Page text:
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Monday, May 5, 2008

Izzy closes out Cubs in series finale

Kennedy and Pujols knock in two runs apieceST. LOUIS -- All eyes were focused on St. Louis Cardinals closer Jason Isringhausen on Sunday night.

The Cardinals had a sellout crowd of 44,969 at Busch Stadium, a national television audience on ESPN and a two-run lead to turn over to their veteran closer in the bottom of the ninth inning.

Two nights after giving up a game-tying home run in the ninth, Isringhausen retired the Chicago Cubs in order on 12 pitches to secure a 5-3 victory, the Cardinals' sixth win in its nine-game homestand. With it, the Cardinals retain their hold on the top spot in the National League Central standings and get to 20 wins earlier, by date, than any other team in franchise history.

"To come in there and get three outs, that tells you all you need to know about Jason Isringhausen," Cardinals manager Tony La Russa said. "That's why he's our closer. He's a really, really tough guy."

After 48 hours of introspection, the 35-year-old right-hander took the ball in the ninth with a new trimmed haircut and a simple approach.

"What I tried to do tonight was let it all loose and pound the strike zone," Isringhausen said.

In earning his 10th save of the season, and 291st of his career, Isringhausen did just that. Of his 12 pitches -- which included four-seam fastballs, sinkers, cutters and curveballs -- nine were strikes.

"He was good," Cardinals catcher Yadier Molina said. "He was throwing the fastball a lot. That's his main pitch. If he keeps that fastball down, they're going to hit it on the ground and they're going to get a lot of outs."

The Cubs scored twice in the second inning off Cardinals starter Todd Wellemeyer. Catcher Geovany Soto doubled and scored on center fielder Reed Johnson's double to left. Second baseman Mike Fontenot, who had walked, scored on left fielder Alfonso Soriano's sacrifice fly.

The Cardinals answered with two runs in the bottom of the inning with four consecutive hits off Cubs right-hander Jason Marquis.

After Wellemeyer and shortstop Cesar Izturis had one-out singles, right fielder Skip Schumaker and second baseman Adam Kennedy followed with back-to-back RBI singles to tie the score.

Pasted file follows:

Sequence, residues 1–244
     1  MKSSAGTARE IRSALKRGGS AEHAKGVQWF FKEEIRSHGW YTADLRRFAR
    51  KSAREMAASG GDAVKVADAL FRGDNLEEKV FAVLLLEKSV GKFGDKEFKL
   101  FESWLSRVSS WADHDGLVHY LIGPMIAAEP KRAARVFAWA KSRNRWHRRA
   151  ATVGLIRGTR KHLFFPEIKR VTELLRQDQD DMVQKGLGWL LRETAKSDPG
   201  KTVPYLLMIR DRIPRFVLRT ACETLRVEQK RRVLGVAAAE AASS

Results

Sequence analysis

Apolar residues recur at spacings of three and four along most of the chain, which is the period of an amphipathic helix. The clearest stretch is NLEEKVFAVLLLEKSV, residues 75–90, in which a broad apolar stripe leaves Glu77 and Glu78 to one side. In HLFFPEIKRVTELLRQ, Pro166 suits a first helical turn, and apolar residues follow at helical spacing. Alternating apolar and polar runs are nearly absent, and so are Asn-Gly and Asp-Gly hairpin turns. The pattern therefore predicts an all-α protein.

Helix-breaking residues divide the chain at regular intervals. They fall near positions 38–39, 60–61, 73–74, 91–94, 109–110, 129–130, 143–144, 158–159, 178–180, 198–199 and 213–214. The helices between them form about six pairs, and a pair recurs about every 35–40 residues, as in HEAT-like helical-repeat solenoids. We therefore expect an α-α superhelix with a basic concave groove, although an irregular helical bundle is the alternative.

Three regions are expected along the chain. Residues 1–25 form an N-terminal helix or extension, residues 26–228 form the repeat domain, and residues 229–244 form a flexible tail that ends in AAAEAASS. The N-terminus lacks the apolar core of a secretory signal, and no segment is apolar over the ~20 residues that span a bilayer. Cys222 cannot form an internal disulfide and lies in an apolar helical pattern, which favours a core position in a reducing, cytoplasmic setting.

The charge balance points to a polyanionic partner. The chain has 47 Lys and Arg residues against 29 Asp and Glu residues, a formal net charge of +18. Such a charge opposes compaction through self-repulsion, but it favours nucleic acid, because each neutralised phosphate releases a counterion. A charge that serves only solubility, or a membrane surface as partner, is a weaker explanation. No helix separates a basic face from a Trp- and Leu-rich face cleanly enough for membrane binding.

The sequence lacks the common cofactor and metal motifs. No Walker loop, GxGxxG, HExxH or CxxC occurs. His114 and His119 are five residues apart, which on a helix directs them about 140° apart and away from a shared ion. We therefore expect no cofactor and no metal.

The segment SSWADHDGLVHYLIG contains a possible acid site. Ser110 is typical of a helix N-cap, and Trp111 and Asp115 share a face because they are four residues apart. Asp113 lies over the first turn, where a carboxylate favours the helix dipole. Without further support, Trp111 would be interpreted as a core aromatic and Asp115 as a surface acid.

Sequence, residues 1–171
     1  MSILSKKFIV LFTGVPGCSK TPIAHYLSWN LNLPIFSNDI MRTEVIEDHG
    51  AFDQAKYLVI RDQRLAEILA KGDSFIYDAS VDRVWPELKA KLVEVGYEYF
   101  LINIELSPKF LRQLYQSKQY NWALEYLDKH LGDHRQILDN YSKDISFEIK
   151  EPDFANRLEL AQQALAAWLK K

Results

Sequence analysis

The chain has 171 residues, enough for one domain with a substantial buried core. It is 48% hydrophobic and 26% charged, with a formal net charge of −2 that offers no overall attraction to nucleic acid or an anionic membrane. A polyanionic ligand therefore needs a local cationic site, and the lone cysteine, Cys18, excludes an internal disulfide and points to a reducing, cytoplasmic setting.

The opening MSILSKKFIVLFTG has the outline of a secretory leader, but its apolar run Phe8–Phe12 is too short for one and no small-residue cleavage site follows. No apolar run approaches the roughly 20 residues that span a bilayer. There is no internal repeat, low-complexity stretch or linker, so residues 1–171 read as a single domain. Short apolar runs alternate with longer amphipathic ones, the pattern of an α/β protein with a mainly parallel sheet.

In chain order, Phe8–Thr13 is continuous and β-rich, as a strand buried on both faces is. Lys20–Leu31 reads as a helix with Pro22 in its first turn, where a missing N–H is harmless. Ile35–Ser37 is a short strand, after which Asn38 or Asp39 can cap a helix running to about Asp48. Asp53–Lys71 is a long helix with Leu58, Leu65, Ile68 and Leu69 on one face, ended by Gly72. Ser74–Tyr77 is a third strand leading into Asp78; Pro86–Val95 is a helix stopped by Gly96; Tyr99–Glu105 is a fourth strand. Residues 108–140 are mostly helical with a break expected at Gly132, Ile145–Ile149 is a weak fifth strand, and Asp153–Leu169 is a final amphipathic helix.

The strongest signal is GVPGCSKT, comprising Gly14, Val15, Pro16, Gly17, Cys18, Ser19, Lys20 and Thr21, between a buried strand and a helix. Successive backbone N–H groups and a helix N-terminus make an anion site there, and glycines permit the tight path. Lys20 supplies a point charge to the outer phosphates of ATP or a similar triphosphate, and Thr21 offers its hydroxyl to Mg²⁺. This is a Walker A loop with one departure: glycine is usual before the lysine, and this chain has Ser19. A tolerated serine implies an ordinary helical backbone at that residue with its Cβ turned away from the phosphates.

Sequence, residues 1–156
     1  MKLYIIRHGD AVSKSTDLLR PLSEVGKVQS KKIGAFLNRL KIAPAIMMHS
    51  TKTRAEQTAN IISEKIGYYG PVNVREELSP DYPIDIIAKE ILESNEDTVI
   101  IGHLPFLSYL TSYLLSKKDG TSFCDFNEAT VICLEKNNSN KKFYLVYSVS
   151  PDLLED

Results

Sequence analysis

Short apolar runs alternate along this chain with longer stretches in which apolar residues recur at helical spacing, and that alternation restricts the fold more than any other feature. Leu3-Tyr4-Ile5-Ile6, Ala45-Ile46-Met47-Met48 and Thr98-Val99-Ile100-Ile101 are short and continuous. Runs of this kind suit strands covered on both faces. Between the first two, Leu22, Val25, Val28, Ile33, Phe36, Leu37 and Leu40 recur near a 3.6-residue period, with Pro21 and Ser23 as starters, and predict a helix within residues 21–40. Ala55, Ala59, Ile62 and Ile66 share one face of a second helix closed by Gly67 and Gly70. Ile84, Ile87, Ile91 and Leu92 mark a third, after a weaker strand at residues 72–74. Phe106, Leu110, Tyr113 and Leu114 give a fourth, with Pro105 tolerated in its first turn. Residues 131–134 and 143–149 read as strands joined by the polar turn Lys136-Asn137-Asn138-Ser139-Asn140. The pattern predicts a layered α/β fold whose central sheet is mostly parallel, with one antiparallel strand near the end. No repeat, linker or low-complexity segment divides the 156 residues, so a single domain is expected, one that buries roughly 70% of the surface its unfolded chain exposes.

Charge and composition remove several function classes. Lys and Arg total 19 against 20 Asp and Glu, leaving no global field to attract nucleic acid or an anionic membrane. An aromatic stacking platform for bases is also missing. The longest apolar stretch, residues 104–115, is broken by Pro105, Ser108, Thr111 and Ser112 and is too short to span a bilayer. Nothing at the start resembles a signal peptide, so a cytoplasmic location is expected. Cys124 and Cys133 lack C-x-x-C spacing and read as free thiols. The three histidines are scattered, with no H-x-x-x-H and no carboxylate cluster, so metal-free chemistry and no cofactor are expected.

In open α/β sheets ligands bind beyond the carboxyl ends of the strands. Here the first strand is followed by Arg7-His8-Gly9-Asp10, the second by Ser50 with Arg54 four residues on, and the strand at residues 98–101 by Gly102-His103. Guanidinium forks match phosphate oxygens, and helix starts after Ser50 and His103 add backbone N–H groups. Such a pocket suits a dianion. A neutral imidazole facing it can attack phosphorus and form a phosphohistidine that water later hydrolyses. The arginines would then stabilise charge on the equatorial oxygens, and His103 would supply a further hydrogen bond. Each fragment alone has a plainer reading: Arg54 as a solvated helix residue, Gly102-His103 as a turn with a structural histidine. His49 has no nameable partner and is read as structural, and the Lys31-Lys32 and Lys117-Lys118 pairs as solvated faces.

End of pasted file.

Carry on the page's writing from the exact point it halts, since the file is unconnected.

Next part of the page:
The Cardinals took a 4-2 lead in the fourth when first baseman Albert Pujols smacked a two-run double down the left-field line to score Izturis and Kennedy.

Wellemeyer (3-1) tossed five innings. He allowed two runs on three hits, struck out four and walked four. He threw 95 pitches, with 57 for strikes.

"I felt decent all day," Wellemeyer said. "Mentally, I was in it the whole time. I kept the ball low and that was important."

The Cubs loaded the bases with nobody out in the seventh off rookie reliever Kyle McClellan, but they only scored one run on a sacrifice fly by right fielder Kosuke Fukudome to make it 5-3. Lefty specialist Randy Flores came in to retire Fukudome, and then right-hander Ryan Franklin got the final out of the inning.

"I had faith in the bullpen," Wellemeyer said.

Franklin pitched a scoreless eighth inning before giving way to Isringhausen in the ninth. McClellan, Flores, Franklin and Isringhausen combined to allow just one run on two hits over the final four innings.

All eyes were focused on Isringhausen, and he came through.

"Izzy's one of the best closers right now in the game," Pujols said. "You're gonna blow some games and you're going to save big games. To us, our job is to go out there and give him a chance every night hopefully so he can save the game. He's human. He's not a machine, so he's going to blow some games. If you look at the great closers of the past, they blow a lot of games and they save a lot of games. ... Nine out of 10 times when he goes out there he's going to save the game, so I take my chances any time with him."

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